A network of adoptive families, birth families, and adoption professionals which exists to improve the lives of children and others touched by adoption through support and education. UFA is actively engaged in community outreach and advocacy to raise awareness of adoption as a loving option.

Wednesday, September 11, 2013

Foster Parenting: One Mom's View.

Herron Family
I read a book once where a foster mom states that most of being a foster parent is doing extra laundry and cooking. Ha! Not in this day and age. Being a foster parent in this day and age requires training, patience, education, love and a ton of energy to just plugging along.

We went into foster care like most of you: wanting to help kids and family. We have two girls, surely we can handle a few more kiddos right – what’s a little more laundry?

Well, it turned out that it’s not just about putting supper on the table and washing underpants. You are a non-trusted parent, an emotional coach, therapist, peacemaker, life coach and more.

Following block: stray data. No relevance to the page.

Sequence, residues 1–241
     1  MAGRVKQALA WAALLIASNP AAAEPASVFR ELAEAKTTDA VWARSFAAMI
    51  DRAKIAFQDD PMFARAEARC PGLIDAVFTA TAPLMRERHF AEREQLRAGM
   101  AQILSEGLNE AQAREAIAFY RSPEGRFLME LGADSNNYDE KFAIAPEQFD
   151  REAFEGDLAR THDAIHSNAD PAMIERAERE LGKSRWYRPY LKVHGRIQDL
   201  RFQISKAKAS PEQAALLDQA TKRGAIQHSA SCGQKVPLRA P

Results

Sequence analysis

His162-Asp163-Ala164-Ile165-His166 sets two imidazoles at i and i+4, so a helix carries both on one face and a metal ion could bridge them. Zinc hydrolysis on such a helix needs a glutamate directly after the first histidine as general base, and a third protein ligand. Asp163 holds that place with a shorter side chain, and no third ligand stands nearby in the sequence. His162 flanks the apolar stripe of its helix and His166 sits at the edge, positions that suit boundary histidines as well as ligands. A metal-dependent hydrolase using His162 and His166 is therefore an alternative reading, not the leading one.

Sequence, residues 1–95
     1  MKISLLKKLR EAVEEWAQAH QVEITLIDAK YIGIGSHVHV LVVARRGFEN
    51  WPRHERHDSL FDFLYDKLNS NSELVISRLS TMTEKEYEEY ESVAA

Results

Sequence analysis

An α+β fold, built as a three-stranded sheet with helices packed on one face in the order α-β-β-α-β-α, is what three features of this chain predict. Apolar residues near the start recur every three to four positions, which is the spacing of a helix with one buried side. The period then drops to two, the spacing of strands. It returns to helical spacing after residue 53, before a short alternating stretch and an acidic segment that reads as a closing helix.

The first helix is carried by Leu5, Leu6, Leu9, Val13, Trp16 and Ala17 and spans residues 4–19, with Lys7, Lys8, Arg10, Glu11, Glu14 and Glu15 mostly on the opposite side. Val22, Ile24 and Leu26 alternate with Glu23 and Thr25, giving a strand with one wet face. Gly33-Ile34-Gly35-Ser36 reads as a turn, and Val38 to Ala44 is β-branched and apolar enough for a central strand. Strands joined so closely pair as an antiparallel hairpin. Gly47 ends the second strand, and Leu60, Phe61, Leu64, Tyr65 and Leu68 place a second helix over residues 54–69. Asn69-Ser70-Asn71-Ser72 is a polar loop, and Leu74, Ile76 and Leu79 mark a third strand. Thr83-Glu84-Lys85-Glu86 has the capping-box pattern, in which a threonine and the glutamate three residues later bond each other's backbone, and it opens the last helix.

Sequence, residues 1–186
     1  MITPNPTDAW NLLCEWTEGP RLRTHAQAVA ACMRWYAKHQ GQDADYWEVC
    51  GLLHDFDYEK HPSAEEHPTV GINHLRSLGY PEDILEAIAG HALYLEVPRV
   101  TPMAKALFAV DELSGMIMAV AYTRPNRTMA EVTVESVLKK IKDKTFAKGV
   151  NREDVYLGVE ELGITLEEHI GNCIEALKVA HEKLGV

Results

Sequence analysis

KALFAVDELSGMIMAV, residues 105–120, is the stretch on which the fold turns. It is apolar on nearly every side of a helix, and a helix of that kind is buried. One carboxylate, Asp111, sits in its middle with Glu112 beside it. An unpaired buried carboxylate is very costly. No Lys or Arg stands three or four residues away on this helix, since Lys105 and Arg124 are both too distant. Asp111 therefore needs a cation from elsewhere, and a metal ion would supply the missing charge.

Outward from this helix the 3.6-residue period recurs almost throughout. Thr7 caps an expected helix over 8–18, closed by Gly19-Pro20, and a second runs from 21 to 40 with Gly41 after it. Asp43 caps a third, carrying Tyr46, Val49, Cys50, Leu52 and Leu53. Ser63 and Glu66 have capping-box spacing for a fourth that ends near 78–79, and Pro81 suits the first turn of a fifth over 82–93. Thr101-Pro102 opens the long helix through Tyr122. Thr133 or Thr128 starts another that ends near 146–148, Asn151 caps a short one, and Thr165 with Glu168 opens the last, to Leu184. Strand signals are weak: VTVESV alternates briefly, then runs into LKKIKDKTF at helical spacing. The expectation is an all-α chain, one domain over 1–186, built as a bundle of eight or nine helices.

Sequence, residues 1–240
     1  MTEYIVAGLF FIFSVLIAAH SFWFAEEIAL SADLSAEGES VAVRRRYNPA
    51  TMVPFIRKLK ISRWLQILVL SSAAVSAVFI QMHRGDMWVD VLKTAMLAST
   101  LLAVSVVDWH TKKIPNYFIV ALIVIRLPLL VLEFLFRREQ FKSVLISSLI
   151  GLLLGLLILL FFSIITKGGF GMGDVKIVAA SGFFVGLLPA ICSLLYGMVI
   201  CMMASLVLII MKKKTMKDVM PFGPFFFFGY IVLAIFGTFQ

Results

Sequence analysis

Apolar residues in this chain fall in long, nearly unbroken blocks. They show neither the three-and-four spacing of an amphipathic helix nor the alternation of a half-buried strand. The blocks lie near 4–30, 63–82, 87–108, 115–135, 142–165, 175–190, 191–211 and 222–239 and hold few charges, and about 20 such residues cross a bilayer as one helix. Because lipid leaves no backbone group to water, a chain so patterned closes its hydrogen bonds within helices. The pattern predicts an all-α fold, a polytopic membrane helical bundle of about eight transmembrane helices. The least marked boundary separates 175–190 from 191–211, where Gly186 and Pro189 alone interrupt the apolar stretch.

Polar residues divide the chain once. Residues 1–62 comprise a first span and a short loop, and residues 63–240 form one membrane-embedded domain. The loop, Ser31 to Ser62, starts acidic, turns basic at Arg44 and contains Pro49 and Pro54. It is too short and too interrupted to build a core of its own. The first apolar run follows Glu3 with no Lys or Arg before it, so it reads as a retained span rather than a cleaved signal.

We spent several weekends doing respite care for a sibling group of four, all under the age of 5. What sounded like a long-term babysitting job turned into a 72 hour marathon of feeding, wiping, chaperoning, containing and calming. Giving a caring foster family time to re-group was an uplifting feeling and good goal.

But after two hours, I remembered about the real-life, down-and-dirty hard work of parenting children that have no idea about: home rules, regular eating patterns, socializing or sleeping all night,

It’s not to say that it isn’t worth it. It is a worthy work. And if you are even considering being a foster parent, you know the call and feel the urge to help those who are at a low point in their lives. Good foster parenting is desperately needed. Diligent and caring foster parents will always be in demand.

It’s not about playing with happy children and creating strong bonds. It is about saying ‘no’ and then being willing to stand up and enforce the house rule. It’s about getting up six times with a scared child that can’t tell you what is wrong and what would help. It’s about doing a job that you know is not recognized but is vital to a family, to our community and our nation.

There is more laundry. There is way more cooking and planning. But there is also a feeling that can’t be duplicated. That is sort of addictive. That lets you know your sacrifice is making a difference.

Wash on. Nurture on. Know your work really is making the world better for others.  

Post Written by:  Ann Herron

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